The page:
And the line does appear, as we shall see; but well before then, about six months after the catastrophe of 1 July, it is Horace's ultimate model, the late seventh-century BC Spartan poet, Tyrtaeus
, who is quoted (fragment 10, lines 27-30), in the anonymous article "Our Heroic Dead" (16.3 [1916: 5]):
The issue of when the phalanx acquired depth, absent in the phalanx of Tyrtaeus
(seventh century) and the sine qua non of a true phalanx, is not addressed.
The Spartan poet Tyrtaeus
wrote, [TEXT NOT REPRODUCIBLE IN ASCII]: "You should reach the limits of virtue / before you cross the border of death." What a noble aim!
The poets Tyrtaeus
, Archilochus, and Alcaeus, the historians Thucydides and Polybius, the philosopher Melissus, the playwright Sophocles: all were soldiers, most of them commanders.
The hoplite phalanx with special references to the poems of Archilochos and Tyrtaeus
. Annual of the British School at Athens, 42:76-138, 1947.
Thus, in a world where moral conformity and a strong sense of duty dominate, he declares: "We prefer for example Goethe to Korner and Sappho to Tyrtaeus
; we would give many patriots for one artist, considering that civic virtue is more easily to be had than lyric genius" ("Victor Hugo," p.
This title refers us directly to Odes 3.2.13 even though the line originally occurs in Tyrtaeus
Hall severely damages his own credibility when he undercuts a significant class of evidence that he also makes abundant use of "the fact that we lack secure, independent evidence for the date of Tyrtaeus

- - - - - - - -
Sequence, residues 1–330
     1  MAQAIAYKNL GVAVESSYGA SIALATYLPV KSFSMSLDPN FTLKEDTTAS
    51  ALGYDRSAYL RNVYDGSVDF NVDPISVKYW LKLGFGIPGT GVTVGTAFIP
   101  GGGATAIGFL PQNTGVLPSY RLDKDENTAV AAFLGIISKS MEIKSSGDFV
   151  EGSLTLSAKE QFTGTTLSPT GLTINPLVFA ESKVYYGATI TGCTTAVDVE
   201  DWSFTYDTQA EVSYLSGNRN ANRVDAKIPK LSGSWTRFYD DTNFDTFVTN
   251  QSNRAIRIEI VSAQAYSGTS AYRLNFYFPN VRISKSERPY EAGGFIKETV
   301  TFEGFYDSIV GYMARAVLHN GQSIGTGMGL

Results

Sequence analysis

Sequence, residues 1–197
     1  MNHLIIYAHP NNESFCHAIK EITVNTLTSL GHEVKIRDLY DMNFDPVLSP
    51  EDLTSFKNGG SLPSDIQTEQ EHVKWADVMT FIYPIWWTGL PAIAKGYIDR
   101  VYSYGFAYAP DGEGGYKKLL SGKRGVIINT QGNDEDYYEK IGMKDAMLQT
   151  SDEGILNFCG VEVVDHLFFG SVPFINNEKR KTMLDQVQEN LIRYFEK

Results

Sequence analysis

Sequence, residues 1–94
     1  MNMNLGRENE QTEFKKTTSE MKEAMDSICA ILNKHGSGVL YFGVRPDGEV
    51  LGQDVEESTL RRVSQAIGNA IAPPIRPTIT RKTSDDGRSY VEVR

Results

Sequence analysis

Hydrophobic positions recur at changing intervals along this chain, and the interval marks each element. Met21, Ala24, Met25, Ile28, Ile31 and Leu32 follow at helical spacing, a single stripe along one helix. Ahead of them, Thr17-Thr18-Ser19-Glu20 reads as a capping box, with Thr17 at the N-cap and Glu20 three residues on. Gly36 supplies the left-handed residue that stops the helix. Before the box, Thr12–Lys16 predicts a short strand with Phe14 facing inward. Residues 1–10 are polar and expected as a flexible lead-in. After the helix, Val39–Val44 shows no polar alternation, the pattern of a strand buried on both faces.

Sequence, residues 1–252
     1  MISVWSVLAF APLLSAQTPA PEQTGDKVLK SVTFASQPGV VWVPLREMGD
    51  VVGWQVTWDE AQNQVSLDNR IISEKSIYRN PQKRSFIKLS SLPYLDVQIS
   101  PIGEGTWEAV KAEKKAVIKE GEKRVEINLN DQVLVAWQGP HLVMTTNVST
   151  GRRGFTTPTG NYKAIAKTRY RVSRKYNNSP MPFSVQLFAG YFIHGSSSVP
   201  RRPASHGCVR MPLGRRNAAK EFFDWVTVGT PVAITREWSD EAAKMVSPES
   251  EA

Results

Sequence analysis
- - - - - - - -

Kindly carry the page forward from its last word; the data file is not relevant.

' poetry and cannot even be sure if he was an individual historical personality as opposed to a name attached to a longer cumulative poetic tradition" (p.
There was, however, no objection to a national poet like Tyrtaeus
who united Sparta and prepared it for war against external enemies.
In the middle of his summary of Ephorus' account of the foundation of Tarentum, Strabo quotes five lines of Tyrtaeus
(which it is reasonable to assume that he is also reproducing from Ephorus).
Greek tradition after Tyrtaeus
' time claimed that he was an Athenian or Milesian schoolmaster who was sent to Sparta in reluctant compliance with an oracle to strengthen Spartan morale.
He maintains that the secondary literature has failed to appreciate sufficiently not only that Laches' definition of courage is thoroughly traditional, deriving from Homer and Tyrtaeus
(sections 4.3, 4.4), but also that Nicias's definition is not Socratic but rather sophistic and Promethian, connected with Periclean humanism (sections 5.1-5.3).